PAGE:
Israel has called the Freedom Flotilla an "Armada of Hate" and said that the activists on board are linked with Hamas, al-Qaeda, and "global jihad"; again, these absurd claims have been taken at face value by sections of the media. The Turkish humanitarian organisation, IHH, which has played a leading role in the flotilla, has been smeared in the Daily Telegraph as a front organisation for al-Qaeda, without any evidence being proffered. This charitable society operates legally around the world apart from Israel where it is banned, as are many other legitimate charities which support Palestinians in the midst of a desperate humanitarian catastrophe; no credible evidence is ever provided for these bans. They are seen by many as just another tool used by Israel to deny Palestinians much-needed aid.
The same DailyTelegraph story mentions that the flotilla has been endorsed by Archbishop Desmond Tutu and the British Green Party MP Caroline Lucas. On board the flotilla were the Swedish bestselling author Henrig Mankell, the former United Nations Humanitarian Coordinator for Iraq, Dennis Halliday and the founder of Northern Ireland's "Peace People", Mairead Corrigan Maguire. Did the Telegraph bother to ask why all these people endorsed and took part in a project organised by IHH if it was indeed an al-Qaeda front organisation?
One very important aspect has been played down amidst all this hostile media coverage – the dire need of the people of Gaza for the items on board the ships of the flotilla. Among other things the flotilla carried cement, building materials, school supplies and medical equipment. The admittedly limited quantity of aid on the convoy would still have been of immense value to the people of Gaza. The homes and buildings that Israel destroyed in its December 2008 assault on the territory are still in ruins because Israel has since blocked the import of building materials. In fact, there is a long and arbitrary list of items that cannot be imported: pencils, computers and other educational items, for example, are banned, as are many food items, such as canned fruit. The volume and category of goods permitted to be imported into Gaza are kept at a level low enough to create poverty, malnourishment and suffering but not too low to create a humanitarian catastrophe that will make Israel look bad in front of the cameras. Despite this, the statement by Israeli Foreign Minister Avigdor Lieberman that there is "no humanitarian crisis in Gaza" and that Israel is allowing thousands of tons of food and equipment in has been reported without comment. The organisers of the Freedom Flotilla have also been criticised by some for not accepting Israel's offer to unload their ships in Ashdod so that the Israelis can deliver their cargo "through the usual channels". They were, of course, supposed to believe that the same "channels" which have made the people of Gaza suffer for so many years would suddenly and willingly help to alleviate that suffering.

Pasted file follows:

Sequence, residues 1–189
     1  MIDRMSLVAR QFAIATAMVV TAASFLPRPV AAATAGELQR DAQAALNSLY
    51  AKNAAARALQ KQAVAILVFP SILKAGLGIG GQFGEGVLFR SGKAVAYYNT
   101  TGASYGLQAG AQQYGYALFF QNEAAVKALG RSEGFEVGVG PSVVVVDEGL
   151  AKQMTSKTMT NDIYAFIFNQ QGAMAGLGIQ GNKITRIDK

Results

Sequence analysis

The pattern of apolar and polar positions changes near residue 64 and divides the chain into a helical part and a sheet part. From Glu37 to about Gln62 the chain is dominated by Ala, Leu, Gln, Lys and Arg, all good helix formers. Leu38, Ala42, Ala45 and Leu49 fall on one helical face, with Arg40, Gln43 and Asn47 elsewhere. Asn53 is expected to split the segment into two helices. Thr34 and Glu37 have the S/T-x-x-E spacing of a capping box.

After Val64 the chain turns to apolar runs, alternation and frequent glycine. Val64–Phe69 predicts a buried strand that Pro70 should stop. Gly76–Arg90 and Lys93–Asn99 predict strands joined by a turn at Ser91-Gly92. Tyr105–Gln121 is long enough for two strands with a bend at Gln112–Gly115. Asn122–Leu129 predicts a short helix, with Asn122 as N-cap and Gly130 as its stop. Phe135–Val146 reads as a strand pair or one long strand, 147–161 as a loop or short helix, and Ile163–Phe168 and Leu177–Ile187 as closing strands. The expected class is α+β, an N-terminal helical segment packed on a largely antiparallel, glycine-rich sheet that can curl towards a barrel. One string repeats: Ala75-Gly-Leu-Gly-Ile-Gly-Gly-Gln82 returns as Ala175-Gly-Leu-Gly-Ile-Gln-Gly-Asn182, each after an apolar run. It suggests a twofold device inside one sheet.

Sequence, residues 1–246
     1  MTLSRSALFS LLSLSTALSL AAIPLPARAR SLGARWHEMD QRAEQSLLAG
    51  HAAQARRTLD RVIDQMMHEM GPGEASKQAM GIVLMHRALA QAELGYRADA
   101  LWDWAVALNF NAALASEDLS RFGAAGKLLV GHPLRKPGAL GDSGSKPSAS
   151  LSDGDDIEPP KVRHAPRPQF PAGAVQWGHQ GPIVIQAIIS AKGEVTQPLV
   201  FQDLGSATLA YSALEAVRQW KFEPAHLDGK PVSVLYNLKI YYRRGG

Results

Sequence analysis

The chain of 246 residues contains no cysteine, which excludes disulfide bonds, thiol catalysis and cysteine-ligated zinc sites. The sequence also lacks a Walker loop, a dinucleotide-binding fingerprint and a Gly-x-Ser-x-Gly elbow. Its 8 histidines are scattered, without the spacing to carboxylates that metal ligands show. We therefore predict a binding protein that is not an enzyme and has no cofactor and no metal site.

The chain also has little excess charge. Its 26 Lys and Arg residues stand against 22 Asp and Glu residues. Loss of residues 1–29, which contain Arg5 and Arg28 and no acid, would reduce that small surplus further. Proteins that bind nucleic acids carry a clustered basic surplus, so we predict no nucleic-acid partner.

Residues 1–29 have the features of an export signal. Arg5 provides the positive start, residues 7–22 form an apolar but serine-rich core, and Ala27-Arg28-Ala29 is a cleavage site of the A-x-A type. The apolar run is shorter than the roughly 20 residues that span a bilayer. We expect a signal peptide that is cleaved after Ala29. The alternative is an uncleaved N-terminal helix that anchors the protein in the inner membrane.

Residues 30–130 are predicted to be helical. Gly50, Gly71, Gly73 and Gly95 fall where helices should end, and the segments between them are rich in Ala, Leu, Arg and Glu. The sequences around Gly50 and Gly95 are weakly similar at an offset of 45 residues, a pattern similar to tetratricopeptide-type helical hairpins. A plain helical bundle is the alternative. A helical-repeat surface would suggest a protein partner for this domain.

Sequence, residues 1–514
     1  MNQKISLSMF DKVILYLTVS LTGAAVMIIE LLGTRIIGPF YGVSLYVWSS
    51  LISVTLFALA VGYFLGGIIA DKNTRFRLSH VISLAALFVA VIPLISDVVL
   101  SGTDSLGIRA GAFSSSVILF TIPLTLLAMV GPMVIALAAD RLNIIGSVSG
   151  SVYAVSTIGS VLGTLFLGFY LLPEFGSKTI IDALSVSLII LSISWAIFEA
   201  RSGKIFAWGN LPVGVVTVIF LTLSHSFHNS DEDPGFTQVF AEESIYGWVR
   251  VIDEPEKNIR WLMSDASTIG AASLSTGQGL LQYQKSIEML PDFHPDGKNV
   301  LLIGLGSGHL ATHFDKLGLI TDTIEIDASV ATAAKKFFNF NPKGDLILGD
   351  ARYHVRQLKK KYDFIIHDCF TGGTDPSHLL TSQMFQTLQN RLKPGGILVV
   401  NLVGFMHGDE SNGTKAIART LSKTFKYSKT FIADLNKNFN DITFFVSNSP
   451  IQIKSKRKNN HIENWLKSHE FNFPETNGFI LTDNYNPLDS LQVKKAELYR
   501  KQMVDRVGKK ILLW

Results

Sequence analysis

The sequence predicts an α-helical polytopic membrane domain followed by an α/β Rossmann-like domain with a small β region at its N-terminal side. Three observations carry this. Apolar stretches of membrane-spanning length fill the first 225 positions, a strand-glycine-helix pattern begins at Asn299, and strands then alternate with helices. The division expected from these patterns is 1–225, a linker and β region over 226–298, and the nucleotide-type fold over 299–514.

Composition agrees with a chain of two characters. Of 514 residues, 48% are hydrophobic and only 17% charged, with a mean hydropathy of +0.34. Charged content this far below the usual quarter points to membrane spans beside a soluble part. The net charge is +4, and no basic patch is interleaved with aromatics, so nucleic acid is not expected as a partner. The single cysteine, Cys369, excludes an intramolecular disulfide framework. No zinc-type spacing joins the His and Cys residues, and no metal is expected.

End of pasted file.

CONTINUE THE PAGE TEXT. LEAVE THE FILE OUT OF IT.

Media complicity in Israel's crimes has long been accepted by analysts, and Israel has spent a great deal of money on promoting its side of the long-running conflict narrative through a sophisticated propaganda machine. This latest episode, however, has exposed the double-standards and lack of genuine objectivity by the compliant sections of the media. On BBC Radio 5's "Up all Night" programme on 2 June, Bruce Shapiro, the executive Director of the Dart Centre for Journalism and Trauma at the Columbia University in New York City, said that in most cases, the "facts" which emerge within the first 24-48 hours of incidents like Israel's hijacking of the flotilla are usually shown to be false with the passage of time. Should this happen in this case (and it has already been admitted by an Israeli military spokesperson that none of the passengers had any weapons on them prior to the assault), a lot of media outlets will be left with egg on their faces because they have allowed the Israeli side of the story to be pushed almost unchallenged. How long will it be before members of the public grasp the fact that they are being duped, say enough is enough, and demand a balanced media approach to this conflict?
The views expressed in this article belong to the author and do not necessarily reflect the editorial policy of Middle East Monitor.